In my last post, I explained why good code matters. However, if you don’t have any background in coding, you have no idea what makes code good or bad. In this article I’m going to explain—in layman’s terms—why we developers sometimes feel like barfing when we look at another coder’s work.
No, not that…
First of all, let’s get some misconceptions out of the way. Coders often argue over coding conventions. A classic example of one of these arguments concerns opening curly braces. Here are two ways of writing your curly braces:
This is not good or bad code, merely coder’s preference. Generally, if your coder is following any convention at all, he’s a decent coder.
Two types of bad programmers
We’ll call the first type of bad programmer the coding MacGyver. The MacGyver uses unconventional tools to solve his problems. Don’t get me wrong, when you’re in an emergency, you may need to duct tape things together. However, when you’re building something complicated like a web application, you really don’t want to be using makeshift building materials. A MacGyver approach is great for fixing short-term problems, but you don’t want him building anything large for you.
The second type of bad programmer is the guy who doesn’t listen or think before acting. Or neither [grimace]. We’ll call him Leeroy Jenkins. Whenever a programmer writes code, he is really just using tools to build, improve, or fix stuff. A good programmer carefully plans his project, visualizing how each piece will fit together. The Leeroy Jenkins coder will generally skip the planning step, rush into the project, and make poor decisions that cost you time and quality later in the project.
The results of bad programming
Imagine that your friend asks you to edit his stream-of-consciousness poem. In order to do so, you have to recreate the author’s original thought process, right? The problem is that your friend has ADHD, multiple personalities, and took 3 years to write the poem. You are never going to be able to understand his work mess. This is exactly the problem with some poorly written code. Three different interns have maintained the code over the last 3 years. When we see code like this, we always try to persuade the client to start from scratch. Sometimes there are things that are not worth saving.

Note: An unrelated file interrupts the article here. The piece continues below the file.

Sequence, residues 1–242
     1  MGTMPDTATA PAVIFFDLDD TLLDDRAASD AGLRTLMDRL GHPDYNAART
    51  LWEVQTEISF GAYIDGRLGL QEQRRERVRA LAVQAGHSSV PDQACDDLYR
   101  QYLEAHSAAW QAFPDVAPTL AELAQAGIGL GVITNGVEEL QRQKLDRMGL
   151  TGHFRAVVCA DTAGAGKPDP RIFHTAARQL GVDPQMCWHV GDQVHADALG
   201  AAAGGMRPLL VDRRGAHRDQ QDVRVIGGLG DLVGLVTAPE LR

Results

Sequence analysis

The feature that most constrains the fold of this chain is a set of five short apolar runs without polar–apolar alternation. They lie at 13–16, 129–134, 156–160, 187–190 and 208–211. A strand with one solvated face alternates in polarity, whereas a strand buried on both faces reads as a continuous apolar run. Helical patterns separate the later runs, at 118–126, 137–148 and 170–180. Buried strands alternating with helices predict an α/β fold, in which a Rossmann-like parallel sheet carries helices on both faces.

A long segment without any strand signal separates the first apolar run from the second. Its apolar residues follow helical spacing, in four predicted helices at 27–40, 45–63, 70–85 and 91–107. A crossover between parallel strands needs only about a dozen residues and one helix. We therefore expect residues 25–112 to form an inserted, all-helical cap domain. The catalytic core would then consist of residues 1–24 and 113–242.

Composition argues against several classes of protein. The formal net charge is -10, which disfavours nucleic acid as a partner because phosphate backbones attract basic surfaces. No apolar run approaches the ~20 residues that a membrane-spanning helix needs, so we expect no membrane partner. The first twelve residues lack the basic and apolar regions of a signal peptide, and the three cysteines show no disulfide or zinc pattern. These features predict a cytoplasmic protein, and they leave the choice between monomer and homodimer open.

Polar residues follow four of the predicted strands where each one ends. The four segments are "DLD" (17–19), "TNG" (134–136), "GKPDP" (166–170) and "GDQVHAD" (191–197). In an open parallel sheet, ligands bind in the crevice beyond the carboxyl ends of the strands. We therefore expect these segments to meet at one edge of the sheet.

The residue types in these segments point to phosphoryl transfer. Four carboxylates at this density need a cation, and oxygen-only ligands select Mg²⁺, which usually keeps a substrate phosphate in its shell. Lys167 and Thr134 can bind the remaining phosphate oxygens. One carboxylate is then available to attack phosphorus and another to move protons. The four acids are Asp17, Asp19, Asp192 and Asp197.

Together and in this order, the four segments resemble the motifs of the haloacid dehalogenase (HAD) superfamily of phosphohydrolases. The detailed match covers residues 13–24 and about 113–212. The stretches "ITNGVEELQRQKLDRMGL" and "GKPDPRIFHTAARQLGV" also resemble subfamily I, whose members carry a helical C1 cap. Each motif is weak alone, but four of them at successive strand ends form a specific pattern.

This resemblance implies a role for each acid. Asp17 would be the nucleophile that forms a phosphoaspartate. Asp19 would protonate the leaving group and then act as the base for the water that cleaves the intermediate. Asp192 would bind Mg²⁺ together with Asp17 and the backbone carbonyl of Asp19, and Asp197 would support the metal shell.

What to look for
We’ve looked at qualities we don’t want in our coders. On the flip side, what sorts of attributes do we want our coders to have? Here are a few:
- Experience – You want coders (and tech companies) who work with a wide variety of projects. We know more systems, and can make more informed decisions.
- Flexible – If your developer only uses one system, that’s a red flag. The one software to rule them all does not exist.
- Analytical – You want your developers to understand your needs and to find the best solutions.
- Careful – A good developer is careful to make promises, and careful when making changes.
Hiring a bad programmer or tech company will end up costing you money and time. To avoid this keep your feelers up, and stay tuned to what your developer is saying. If you start see red flags or feel like you can’t trust your developer, come talk to us.